World news – More help for MSMEs should prevent permanent closure

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UNCERTAINTY. With the ongoing coronavirus pandemic, a newly discovered strain of Covid-19 in other parts of the world, and the lack of economic aid and incentives, micro, small and medium-sized enterprises (MSMEs) are at risk of permanent closure. If the economy does not recover from this year onwards, many will lose their jobs and many MSMEs will not make it until the end of the year. (SunStar file)

More jobs are expected if the Philippine economy does not recover from this year: « We expect 30 percent of micro, small and medium-sized enterprises to be permanently closed or downsized, which means more unemployment, » said Steven, President of Commerce and Mandaue Yu Chamber of Commerce told SunStar Cebu. « We will be relying on government spending as the main source of funding for the pump, in addition to overseas Filipino remittances, business process management, and possibly mining. »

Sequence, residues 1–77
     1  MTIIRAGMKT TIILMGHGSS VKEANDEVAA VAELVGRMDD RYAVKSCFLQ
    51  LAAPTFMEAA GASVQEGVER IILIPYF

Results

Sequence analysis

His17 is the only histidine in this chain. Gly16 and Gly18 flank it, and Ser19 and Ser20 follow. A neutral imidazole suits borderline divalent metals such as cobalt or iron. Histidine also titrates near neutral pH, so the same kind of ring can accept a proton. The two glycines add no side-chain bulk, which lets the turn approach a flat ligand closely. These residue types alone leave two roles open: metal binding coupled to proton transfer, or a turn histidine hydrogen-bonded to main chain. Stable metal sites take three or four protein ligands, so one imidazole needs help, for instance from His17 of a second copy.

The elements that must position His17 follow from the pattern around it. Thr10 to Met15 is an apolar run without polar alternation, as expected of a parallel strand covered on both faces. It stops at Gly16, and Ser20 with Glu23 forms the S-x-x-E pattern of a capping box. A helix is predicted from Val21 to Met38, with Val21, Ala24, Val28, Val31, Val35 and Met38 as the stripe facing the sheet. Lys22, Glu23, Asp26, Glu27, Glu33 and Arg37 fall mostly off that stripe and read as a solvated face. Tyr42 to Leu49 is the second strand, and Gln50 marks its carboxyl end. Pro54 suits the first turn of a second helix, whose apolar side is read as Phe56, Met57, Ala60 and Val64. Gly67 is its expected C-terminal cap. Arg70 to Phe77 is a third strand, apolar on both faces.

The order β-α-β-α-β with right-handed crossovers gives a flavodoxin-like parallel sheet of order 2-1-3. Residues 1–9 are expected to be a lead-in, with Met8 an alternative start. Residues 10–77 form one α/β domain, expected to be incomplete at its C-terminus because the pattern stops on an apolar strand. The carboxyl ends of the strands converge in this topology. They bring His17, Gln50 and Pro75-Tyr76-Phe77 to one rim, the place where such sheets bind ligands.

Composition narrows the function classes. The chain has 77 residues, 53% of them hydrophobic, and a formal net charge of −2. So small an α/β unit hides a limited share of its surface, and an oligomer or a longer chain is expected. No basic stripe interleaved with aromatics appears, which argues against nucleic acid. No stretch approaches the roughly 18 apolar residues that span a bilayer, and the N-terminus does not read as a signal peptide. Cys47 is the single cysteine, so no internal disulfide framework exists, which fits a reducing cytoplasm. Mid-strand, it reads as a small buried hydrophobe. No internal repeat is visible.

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Yu said, while the economy can withstand any bruise, it may take longer than expected to recover. « We are looking to 2022-2023 to reach pre-pandemic levels, » he said, adding that the planned time span could be a long wait for others due to weak market sentiment, lower consumer spending activity and the like With a lack of economic help and impetus, they already have problems every day. Data from the Department of Commerce and Industry showed that there were around 70,227 MSMEs in Central Visayas in 2019. Earlier this week, Moody’s Analytics reported that the Philippines will be the last country in the Asia-Pacific region to recover from the recession caused by the Covid-19 pandemic. Steven Cochrane, Moody’s Analytics chief economist for Asia Pacific said that “much of the region will do so by the end of 2021, all of the Philippines will have regained their lost production. « The Philippines, along with India, » will have difficulty reaching this benchmark by the end of 2022. “India and the Philippines will struggle with deep recessions because of their manufacturing and the uncertain fiscal support of their policymakers,” said the economist from Moody’s Analytics End Among Asian Countries. « This also includes being consumer-driven as an economy and the length of our lockdown, which is one of the longest in Asia, » he said. The Philippines lagged behind its counterparts in the Asia-Pacific pandemic on budgetary response. As of Nov. 30, only $ 21.64 billion was allocated to fighting the pandemic, as opposed to Indonesia’s $ 116.33 billion Covid-19 response package and Singapore’s $ 89.14 billion. Cochrane said the Philippines and India are « the least liable to fiscal stimulus, despite being the toughest economies have been hit by the pandemic and lengthy and stringent quarantine policies. » « According to the latest updates, the Philippines are likely to be the final vaccinations compared to other countries like Indonesia, which are expected to start in January » While our macro fundamentals are solid and our finance team is impressive, we are lagging behind on the health aspect, since our cases are already subdued. The stimulus spending problem is related to our rating problem. We have limitations because of our structure, ”he said. The Development Budget Coordinating Committee expects the country to grow 6.5 to 7.5 percent in 2021 and between eight and 10 percent in 2022. (JOB)

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